Perhaps the ultimate health indicator is life expectancy.

It might surprise you to learn that America — according to the 2009 CIA factbook — ranked 49th in the world for life expectancy. Australia was seventh, yet the USA spends 50 per cent more per capita on health care than does Australia, and significantly more than any other developed nation. Australians live an average of 3.5 years longer.

And, for some groups of Americans, life expectancy is actually declining, according to a couple of reports released last year.

A Harvard study found that between 1983 and 1999, life expectancy had actually declined for women living in some parts of the country; in two places in Virginia, it had fallen almost six years. In many more areas, it had remained static — the first time life expectancy had not improved since the Spanish flu epidemic of 1918.

If you look at the map showing the areas where this decline has happened — across the south and up into Appalachia, it corresponds closely with the area where health insurance rates are lowest.

The other report was from the Congressional Budget Office. It showed the gap between life expectancy of the rich and the poor had widened, along with income inequality, over the past two decades.

From 1980 to 1982, the most affluent could expect to live 2.8 years longer than the poorest. From 1998 to 2000 the number had increased to 4.5 years. While disparities in health care were not the only cause — other things like lifestyle played into it too — analysis suggested it was a significant factor. Yes, the U.S. health care system is actually taking years off people’s lives.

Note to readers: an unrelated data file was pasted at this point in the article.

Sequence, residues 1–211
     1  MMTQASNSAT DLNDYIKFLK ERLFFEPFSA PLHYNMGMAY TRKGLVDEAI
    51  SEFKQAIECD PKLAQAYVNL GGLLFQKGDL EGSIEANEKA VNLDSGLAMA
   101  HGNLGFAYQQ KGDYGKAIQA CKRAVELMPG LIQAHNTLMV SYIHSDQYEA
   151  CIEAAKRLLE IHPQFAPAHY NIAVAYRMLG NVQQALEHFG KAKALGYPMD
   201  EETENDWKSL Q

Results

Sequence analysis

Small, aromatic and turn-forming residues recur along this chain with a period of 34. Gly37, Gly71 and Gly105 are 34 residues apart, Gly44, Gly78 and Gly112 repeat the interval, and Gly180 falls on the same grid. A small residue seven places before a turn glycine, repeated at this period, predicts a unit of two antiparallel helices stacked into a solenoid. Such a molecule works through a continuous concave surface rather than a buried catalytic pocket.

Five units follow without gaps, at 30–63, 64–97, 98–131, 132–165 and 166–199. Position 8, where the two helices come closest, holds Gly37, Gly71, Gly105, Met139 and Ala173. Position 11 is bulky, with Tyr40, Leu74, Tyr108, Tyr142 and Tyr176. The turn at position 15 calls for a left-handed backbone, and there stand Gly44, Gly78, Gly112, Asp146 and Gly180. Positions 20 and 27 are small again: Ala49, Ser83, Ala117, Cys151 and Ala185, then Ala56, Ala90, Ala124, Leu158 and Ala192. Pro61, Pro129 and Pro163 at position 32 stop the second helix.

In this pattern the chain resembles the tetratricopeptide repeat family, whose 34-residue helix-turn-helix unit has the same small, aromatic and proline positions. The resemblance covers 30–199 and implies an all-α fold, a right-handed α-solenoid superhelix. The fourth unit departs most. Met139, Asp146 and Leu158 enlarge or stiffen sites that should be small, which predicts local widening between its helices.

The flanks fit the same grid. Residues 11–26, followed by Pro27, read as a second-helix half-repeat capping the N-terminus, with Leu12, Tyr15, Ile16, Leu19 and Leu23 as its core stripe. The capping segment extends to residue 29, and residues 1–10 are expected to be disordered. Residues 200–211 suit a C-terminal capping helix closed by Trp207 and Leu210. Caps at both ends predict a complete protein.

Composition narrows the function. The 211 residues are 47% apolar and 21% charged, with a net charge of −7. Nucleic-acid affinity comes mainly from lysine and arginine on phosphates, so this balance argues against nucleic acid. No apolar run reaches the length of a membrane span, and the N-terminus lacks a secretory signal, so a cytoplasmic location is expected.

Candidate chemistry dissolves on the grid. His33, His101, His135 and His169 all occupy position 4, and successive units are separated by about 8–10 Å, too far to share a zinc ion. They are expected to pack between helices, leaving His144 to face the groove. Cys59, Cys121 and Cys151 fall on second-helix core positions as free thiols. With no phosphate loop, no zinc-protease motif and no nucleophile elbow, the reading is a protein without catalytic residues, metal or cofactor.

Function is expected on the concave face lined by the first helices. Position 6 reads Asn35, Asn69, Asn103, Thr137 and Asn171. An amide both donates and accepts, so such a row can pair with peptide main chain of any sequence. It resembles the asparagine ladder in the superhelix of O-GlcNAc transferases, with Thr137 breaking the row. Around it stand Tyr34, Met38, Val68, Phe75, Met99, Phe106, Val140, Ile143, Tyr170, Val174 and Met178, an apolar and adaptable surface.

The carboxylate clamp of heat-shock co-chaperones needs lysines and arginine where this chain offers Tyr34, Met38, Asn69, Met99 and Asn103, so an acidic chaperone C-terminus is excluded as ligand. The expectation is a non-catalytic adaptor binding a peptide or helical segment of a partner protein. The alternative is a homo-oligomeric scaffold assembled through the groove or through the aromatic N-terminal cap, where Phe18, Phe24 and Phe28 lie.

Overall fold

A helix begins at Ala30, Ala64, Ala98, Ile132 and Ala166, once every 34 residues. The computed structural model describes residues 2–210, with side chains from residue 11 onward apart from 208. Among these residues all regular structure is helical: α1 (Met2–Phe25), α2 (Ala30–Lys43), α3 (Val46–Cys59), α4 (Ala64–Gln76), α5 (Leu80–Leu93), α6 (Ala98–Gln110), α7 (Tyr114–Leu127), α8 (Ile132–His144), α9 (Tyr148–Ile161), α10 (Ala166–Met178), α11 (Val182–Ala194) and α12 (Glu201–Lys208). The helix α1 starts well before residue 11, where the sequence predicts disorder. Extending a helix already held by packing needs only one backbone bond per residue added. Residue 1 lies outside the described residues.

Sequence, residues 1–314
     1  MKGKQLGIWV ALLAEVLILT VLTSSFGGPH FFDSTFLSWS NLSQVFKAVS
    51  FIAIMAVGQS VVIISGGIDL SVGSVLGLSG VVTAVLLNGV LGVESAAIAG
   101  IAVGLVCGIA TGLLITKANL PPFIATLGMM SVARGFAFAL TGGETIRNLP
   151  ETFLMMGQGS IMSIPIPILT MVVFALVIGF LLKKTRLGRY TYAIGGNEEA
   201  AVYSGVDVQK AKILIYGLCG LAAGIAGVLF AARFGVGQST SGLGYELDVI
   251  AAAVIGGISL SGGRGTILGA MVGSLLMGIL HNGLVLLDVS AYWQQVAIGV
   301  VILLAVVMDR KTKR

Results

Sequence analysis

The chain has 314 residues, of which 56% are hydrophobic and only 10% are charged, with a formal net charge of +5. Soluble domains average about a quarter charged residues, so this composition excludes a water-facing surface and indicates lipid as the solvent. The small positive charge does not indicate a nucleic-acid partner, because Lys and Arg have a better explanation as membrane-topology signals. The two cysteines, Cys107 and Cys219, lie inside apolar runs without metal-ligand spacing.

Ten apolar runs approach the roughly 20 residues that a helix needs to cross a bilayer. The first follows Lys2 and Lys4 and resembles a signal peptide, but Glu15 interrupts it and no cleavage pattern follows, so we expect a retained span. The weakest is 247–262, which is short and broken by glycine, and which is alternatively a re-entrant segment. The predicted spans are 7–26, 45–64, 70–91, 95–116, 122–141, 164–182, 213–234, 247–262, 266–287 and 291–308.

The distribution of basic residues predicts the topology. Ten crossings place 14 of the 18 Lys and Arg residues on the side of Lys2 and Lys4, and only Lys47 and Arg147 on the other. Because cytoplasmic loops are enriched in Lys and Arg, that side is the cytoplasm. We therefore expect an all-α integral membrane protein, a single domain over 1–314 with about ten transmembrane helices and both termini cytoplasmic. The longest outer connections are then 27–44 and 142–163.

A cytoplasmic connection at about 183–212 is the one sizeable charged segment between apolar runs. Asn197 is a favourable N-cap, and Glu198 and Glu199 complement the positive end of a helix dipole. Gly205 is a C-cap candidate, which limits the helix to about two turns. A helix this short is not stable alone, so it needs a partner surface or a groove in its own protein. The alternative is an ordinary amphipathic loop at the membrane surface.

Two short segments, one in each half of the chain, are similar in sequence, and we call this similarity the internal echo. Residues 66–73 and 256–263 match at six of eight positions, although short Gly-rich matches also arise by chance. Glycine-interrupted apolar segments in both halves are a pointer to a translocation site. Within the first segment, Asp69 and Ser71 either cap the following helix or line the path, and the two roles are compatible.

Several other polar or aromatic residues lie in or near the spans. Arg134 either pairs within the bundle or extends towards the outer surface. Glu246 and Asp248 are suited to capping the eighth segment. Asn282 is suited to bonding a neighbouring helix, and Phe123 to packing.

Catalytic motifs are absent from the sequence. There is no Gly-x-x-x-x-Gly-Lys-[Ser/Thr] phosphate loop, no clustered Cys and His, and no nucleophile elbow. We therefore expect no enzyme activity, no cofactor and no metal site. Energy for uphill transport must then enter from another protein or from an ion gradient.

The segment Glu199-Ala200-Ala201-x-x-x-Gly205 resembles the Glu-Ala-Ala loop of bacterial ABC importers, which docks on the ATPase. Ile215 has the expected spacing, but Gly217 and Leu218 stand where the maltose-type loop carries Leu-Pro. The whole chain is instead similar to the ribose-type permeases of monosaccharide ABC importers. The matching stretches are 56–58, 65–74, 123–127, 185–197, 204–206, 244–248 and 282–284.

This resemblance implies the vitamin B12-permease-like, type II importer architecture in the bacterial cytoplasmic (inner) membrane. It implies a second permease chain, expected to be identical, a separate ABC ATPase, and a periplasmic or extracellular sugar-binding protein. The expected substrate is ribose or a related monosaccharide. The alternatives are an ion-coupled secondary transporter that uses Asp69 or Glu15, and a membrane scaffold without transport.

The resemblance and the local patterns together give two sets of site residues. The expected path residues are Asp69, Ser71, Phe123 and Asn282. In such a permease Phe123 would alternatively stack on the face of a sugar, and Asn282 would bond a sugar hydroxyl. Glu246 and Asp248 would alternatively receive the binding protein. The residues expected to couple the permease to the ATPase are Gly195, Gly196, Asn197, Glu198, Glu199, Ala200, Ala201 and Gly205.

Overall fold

Now, let’s move on to the economics of it.

According to data from the National Coalition on Health Care, in 2008, total health care spending in this country was $2.4 trillion, or $7,900 per person. (And that, of course takes no account of the unpaid hours so many of us spend wrangling with doctors, hospitals and insurance companies over payment). And it was rising at 6.9 per cent per year, or twice the rate of inflation.

The U.S. now spends some 17 per cent of gross domestic product on health.

A table comparing total health spending, per capita, across 19 developed nations (in Western Europe, Japan, Australia and Canada), in 2003, published by the Kaiser Family Foundation, found the U.S. spent more than twice the average. Even if you leave out some of the smaller Euro nations, the U.S. spends some 70 per cent more.

And it’s getting worse, in relative terms, as New York Times columnist and Nobel prize winning economist Paul Krugman noted in a blog post last March.

“Everybody knows that the U.S. spends much more on health care than anyone else, without getting better results,” he wrote.

“Everyone also knows that health spending has outpaced GDP growth everywhere, thanks to medical progress. What I didn’t realize was just how clearly the evidence shows that the rising trend is steepest in the U.S. We have the biggest increase as well as the highest level. We’re #1!”